The FWHM (Figure 2) and areas of overlap (Table 2) between different LP spectral peaks of three different AuNRs were found to decrease. A notable improvement was observed for differentiating LP peaks of AuNR770 nm and AuNR910 nm, characterized by a decrease of the area of overlap by approximately 39%. The LP peak of AuNR770 nm was tuned starting at the long wavelength end of the right spectral tail, whereas the LP peak of AuNR910 nm was tuned from the short wavelength end of the left spectral tail.

The LP peak of AuNR770 nm could not be tuned using shorter wavelengths, as at the lowest applicable wavelength, 700 nm, there was an undesirable shift in the LP peak to a longer wavelength. Similarly, for tuning the LP peak of AuNR910 nm, wavelengths only up to 750 nm (160 nm away from the maxima) could be utilised before causing a shift in the Plasmon resonance peak to a higher wavelength. Work is underway to understand this finding. The LP peak of the AuNR910 nm was not tuned from the right spectral tail because the laser wavelength was limited to 950 nm, which is very close to the peak. Since in this case, the LP peak of AuNR770nm was tuned from the right and the LP peak of AuNR910nm, from the left, a major improvement in the spectral discrimination was observed, due to a reduction in the overlapping area.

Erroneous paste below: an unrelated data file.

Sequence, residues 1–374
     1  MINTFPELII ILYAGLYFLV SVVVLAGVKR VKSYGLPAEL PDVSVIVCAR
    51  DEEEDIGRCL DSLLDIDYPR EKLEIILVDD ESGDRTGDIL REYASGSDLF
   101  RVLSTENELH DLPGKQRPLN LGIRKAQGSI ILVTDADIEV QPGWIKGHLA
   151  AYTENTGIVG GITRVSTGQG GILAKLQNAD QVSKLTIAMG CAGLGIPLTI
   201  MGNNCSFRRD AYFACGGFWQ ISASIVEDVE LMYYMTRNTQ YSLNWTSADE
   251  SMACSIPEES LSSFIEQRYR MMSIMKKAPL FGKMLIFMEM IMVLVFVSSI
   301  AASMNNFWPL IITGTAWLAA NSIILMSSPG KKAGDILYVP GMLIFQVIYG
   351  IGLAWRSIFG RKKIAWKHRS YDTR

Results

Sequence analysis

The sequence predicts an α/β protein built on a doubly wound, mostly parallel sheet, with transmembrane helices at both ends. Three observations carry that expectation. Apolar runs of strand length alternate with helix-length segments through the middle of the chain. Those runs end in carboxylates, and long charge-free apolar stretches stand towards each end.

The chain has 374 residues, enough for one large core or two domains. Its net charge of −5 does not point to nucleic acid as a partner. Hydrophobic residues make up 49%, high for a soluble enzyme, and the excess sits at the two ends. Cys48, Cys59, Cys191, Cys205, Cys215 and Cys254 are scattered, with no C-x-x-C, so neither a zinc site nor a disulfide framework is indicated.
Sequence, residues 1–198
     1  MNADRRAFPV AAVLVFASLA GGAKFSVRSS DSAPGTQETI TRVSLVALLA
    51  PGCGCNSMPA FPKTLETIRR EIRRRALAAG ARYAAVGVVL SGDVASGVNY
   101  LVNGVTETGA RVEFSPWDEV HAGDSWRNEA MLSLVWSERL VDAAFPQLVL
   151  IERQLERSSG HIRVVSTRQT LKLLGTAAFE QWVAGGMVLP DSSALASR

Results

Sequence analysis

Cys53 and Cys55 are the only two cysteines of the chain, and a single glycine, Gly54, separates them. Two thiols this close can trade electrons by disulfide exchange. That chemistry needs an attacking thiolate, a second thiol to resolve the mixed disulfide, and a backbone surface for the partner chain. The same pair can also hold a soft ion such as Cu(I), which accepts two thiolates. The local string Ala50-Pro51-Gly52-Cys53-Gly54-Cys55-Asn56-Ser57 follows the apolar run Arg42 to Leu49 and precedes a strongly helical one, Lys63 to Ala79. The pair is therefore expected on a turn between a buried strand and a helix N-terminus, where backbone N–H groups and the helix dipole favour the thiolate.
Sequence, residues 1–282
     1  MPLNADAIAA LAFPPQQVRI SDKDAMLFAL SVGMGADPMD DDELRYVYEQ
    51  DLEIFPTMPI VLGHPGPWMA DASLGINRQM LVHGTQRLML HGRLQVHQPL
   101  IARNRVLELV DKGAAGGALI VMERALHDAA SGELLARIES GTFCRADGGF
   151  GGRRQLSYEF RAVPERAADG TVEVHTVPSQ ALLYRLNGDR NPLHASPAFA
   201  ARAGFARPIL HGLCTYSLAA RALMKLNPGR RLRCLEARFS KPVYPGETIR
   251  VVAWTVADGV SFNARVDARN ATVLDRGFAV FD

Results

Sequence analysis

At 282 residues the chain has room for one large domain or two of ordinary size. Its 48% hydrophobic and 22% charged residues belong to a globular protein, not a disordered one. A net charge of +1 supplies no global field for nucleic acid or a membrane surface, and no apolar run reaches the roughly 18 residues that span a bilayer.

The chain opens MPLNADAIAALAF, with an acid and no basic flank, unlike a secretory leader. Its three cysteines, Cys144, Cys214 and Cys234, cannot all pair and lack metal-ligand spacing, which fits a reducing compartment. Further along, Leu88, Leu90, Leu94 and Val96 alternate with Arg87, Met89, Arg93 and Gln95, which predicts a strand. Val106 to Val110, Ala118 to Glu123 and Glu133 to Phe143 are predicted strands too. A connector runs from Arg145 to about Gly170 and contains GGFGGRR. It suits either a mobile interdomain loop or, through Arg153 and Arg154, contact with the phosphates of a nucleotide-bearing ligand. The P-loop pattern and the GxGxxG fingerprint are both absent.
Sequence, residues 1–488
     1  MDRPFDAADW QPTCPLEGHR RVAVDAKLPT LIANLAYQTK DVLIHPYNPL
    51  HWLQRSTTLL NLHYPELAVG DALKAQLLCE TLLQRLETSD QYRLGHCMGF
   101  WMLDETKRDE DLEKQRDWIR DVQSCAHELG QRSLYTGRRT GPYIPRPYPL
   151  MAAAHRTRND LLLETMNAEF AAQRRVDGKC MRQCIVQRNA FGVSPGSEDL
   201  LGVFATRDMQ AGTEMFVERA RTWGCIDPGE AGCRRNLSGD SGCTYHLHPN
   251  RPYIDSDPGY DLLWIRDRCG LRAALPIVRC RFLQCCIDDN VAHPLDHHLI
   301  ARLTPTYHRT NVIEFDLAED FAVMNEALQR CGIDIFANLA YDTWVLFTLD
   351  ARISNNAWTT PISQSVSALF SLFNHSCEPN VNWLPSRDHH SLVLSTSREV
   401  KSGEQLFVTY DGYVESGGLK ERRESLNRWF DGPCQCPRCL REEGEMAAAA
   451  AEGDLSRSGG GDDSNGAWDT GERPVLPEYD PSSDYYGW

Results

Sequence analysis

In comparison to the improvement in discrimination between the LP peaks of the AuNR770 nm and the AuNR910 nm samples after laser tuning, no improvement was observed for discriminating between the LP peaks of the AuNR696 nm and the AuNR770 nm samples. The latter samples were tuned using longer wavelengths, from the ends of the right spectral tails. They could not be tuned from the left spectral tail because the shortest wavelength of the laser was 700 nm. The full potential of this laser tuning approach, therefore, needs to be explored in future experiments using tunable lasers that cover a wider range of wavelengths.

The LP peaks of the AuNR696 nm and AuNR910 nm samples were easily discriminated before laser tuning; correspondingly, there was no improvement in the spectral discrimination of the LP peaks of these two AuNR suspensions after laser tuning.